The magnetic bearing controller 304 may also receive one or more commands from the main controller 102. The magnetic bearing controller 304, in accordance with a control law, supplies appropriate command signals to, and receives various feedback signals from, the magnetic bearing hardware 320. At least some of the feedback signals received by the magnetic bearing controller 304 are representative of the magnetic bearing hardware 320 response to the supplied control signals. Similar to the gimbal controller 302, the magnetic bearing controller 304 may supply one or more of the feedback signals it receives to the main controller 102.

The magnetic bearing hardware 320 functions to rotationally mount or levitate, in non-contact fashion, the energy storage flywheel 106. In the depicted embodiment, the magnetic bearing hardware 320 implements active magnetic bearings, and includes electromagnetic actuators 322 and position sensors 324. The position sensors 324 sense the position of the flywheel rotor (not illustrated) and supply appropriate position signals to the magnetic bearing controller 304. The magnetic bearing controller 304, in accordance with the control law, supplies the appropriate current magnitude to the electromagnetic actuators 322, which in turn generate magnetic forces of the appropriate magnitude to appropriately position the flywheel rotor. As FIG. 3 also depicts, the magnetic bearing hardware 320 may include one or more temperature sensors 326. Although active magnetic bearings are shown in FIG. 3, it will be appreciated that the magnetic bearing hardware 320 could be configured to implement passive magnetic bearings, or non-magnetic rolling element bearings.

The motor/generator controller 306 receives a signal representative of the bus voltage of the spacecraft electrical distribution system 114 and, in response, configures the motor/generator hardware 330 to operate as either a motor or a generator. The motor/generator controller 302 also receives commands from the main controller 102 and, in response, controls the rotational acceleration of the motor/generator and thus the flywheel 308. To do so, the motor/generator controller 306 is configured to selectively implement either a motor control law 311 or a generator control law 313. The motor/generator controller 306 also receives various feedback signals from the motor/generator hardware 330. At least some of the feedback signals received by the motor/generator controller 306 are representative of the motor/generator hardware 330 response to the supplied control signals. The motor/generator controller 306 supplies one or more of the feedback signals it receives from the motor/generator hardware 330 to the main controller 102.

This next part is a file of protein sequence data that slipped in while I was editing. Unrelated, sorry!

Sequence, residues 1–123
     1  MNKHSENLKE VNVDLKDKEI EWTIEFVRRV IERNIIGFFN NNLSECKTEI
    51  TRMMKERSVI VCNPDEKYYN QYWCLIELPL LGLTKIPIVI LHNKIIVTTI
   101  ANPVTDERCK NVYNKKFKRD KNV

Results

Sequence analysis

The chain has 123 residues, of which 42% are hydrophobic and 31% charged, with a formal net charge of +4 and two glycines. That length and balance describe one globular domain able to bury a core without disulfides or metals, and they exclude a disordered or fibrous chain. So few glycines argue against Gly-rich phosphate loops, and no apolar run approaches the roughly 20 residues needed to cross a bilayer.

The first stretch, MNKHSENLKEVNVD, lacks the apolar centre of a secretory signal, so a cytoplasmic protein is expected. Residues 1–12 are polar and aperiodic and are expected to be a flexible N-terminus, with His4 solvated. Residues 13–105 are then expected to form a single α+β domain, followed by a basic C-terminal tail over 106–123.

The motor/generator hardware 330 includes a motor/generator 332 and one or more sensors 334. The motor/generator 332 may be any one of numerous motor/generator sets known now, or in the future, and includes a main rotor that is coupled to the rotor of the flywheel 308. The sensors 334 include one or more temperature sensors and one or more commutation sensors. When the bus voltage of the electrical distribution system 110 is sufficiently high, the motor/generator controller 306 implements the motor control law 311 and the motor/generator 332 is operated as a motor. During operation as a motor, the motor/generator 332 spins up the flywheel 308, to store rotational kinetic energy. Conversely, when the bus voltage of the electrical distribution system 110 drops to some predetermined magnitude, the motor/generator controller 306 implements the generator control law 313 and the motor/generator 332 is operated as a generator. During its operation as a generator, the motor/generator 332 spins down the flywheel 308, converting the flywheel's stored rotational kinetic energy to electrical energy. As was previously discussed, changes in the rotational speed of the flywheel 308 can impact the attitude of the spacecraft. Thus, in both the motor mode and generator mode, the flywheel 308 is spun up, or spun down, to a rotational velocity at an acceleration commanded by the main controller 102